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Miadlikowska J.,Duke University | Richardson D.,Saint Mary's University, Halifax | Magain N.,Duke University | Magain N.,University of Liège | And 6 more authors.
American Journal of Botany | Year: 2014

Premise of this study: Aquatic cyanolichens from the genus Peltigera section Hydrothyriae are subject to anthropogenic threats and, therefore, are considered endangered. In this study we addressed the phylogenetic placement of section Hydrothyriae within Peltigera. We delimited species within the section and identified their symbiotic cyanobacteria. Methods: Species delimitation and population structure were explored using monophyly as a grouping criterion (RAxML) and Structurama based on three protein-coding genes in combination with two nuclear ribosomal loci. The 16S and rbcLX sequences for the cyanobionts were analyzed in the broad phylogenetic context of free-living and symbiotic cyanobacteria. Key results: We confirm with high confidence the placement of section Hydrothyriae within the monophyletic genus Peltigera; however, its phylogenetic position within the genus remains unsettled. We recovered three distinct monophyletic groups corresponding to three species: P. hydrothyria, P. gowardii s.s., and P. aquatica Miadl. & Lendemer, the latter being formally introduced here. Each species was associated with an exclusive set of Nostoc haplotypes. Conclusions: The ITS region alone provides sufficient genetic information to distinguish the three morphologically cryptic species within section Hydrothyriae. Section Hydrothyriae seems to be associated with a monophyletic lineage of Nostoc, that has not been found in symbiotic association with other members of Peltigera. Capsosira lowei should be transferred to the genus Nostoc. Potential threats to P. aquatica should be re-examined based on the recognition of two aquatic species in western North America. © 2014 Botanical Society of America.


PubMed | Environment Canada, Saint Mary's University, Halifax, New York Botanical Garden, Nova Scotia Museum of Natural History and 3 more.
Type: Journal Article | Journal: American journal of botany | Year: 2014

Premise of this study: Aquatic cyanolichens from the genus Peltigera section Hydrothyriae are subject to anthropogenic threats and, therefore, are considered endangered. In this study we addressed the phylogenetic placement of section Hydrothyriae within Peltigera. We delimited species within the section and identified their symbiotic cyanobacteria. Methods: Species delimitation and population structure were explored using monophyly as a grouping criterion (RAxML) and Structurama based on three protein-coding genes in combination with two nuclear ribosomal loci. The 16S and rbcLX sequences for the cyanobionts were analyzed in the broad phylogenetic context of free-living and symbiotic cyanobacteria. Key results: We confirm with high confidence the placement of section Hydrothyriae within the monophyletic genus Peltigera; however, its phylogenetic position within the genus remains unsettled. We recovered three distinct monophyletic groups corresponding to three species: P. hydrothyria, P. gowardii s.s., and P. aquatica Miadl. & Lendemer, the latter being formally introduced here. Each species was associated with an exclusive set of Nostoc haplotypes. Conclusions: The ITS region alone provides sufficient genetic information to distinguish the three morphologically cryptic species within section Hydrothyriae. Section Hydrothyriae seems to be associated with a monophyletic lineage of Nostoc, that has not been found in symbiotic association with other members of Peltigera. Capsosira lowei should be transferred to the genus Nostoc. Potential threats to P. aquatica should be re-examined based on the recognition of two aquatic species in western North America.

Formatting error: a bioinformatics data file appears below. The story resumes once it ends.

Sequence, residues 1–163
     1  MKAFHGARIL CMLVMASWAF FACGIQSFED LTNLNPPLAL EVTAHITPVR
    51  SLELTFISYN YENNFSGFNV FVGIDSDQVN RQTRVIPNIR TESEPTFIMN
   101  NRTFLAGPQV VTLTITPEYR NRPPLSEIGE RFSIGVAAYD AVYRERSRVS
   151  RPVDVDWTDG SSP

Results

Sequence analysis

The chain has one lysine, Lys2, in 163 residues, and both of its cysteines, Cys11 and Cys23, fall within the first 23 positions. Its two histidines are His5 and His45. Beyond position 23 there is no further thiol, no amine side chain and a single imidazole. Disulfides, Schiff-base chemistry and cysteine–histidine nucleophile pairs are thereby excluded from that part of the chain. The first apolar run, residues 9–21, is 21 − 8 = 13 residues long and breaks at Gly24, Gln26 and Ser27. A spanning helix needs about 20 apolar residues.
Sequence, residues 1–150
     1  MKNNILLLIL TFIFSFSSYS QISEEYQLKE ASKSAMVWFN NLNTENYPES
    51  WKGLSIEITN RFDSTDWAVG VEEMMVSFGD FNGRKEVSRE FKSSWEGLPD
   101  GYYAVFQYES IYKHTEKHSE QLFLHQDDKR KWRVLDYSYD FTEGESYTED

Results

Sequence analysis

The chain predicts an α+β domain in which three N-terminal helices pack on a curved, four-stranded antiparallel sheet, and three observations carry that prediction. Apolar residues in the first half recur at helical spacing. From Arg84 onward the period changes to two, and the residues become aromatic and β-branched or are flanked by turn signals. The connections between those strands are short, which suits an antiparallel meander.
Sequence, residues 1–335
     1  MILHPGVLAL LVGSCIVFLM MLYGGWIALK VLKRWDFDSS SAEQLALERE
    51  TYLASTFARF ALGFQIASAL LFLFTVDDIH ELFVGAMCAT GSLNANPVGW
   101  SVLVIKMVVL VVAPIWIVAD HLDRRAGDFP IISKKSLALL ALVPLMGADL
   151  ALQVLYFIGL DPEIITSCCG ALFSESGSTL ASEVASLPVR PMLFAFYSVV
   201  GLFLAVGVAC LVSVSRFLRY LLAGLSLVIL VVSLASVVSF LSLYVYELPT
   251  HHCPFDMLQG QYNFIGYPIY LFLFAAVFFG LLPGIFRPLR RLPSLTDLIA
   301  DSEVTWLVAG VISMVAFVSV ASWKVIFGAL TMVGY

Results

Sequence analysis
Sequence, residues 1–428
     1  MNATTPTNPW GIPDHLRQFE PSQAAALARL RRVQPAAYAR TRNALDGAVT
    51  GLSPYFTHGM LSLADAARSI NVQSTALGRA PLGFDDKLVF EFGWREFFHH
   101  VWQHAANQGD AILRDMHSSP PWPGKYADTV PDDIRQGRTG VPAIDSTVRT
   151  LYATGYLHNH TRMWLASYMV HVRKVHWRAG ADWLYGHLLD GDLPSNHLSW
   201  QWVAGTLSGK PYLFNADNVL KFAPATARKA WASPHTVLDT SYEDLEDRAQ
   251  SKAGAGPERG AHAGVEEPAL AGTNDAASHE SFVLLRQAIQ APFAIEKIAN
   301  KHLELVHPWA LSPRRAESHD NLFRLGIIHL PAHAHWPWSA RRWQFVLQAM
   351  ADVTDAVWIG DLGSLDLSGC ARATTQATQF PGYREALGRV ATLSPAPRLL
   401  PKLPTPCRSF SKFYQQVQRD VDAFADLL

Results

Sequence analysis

Abolit D.,1051 Cooks Brook Road | Gilhen J.,Nova Scotia Museum of Natural History
Canadian Field-Naturalist | Year: 2011

Sciurids are often seen eating carrion on roads but are rarely seen attacking live prey.We report a rare incident of an Eastern Chipmunk, Tamias striatus, attacking (but not eating) a Maritime Garter Snake, Thamnophis sirtalis pallidulus, at Cooks Lake, Halifax County, Nova Scotia, Canada, on 29 September 2009 at 1315 h.


Moore J.-D.,Foret Quebec | Gilhen J.,Nova Scotia Museum of Natural History
Canadian Field-Naturalist | Year: 2011

Three colour morphs of the Eastern Red-backed Salamander, Plethodon cinereus, are known in eastern Canada: red-backed, lead-backed, and erythristic. Anomalies, including two albino and four leucistic individuals, are also known from eastern Canada.We report the first salamander individuals exhibiting amelanism, which is a lack of black skin pigment, but with black eyes, one from Quebec and one from Nova Scotia, Canada.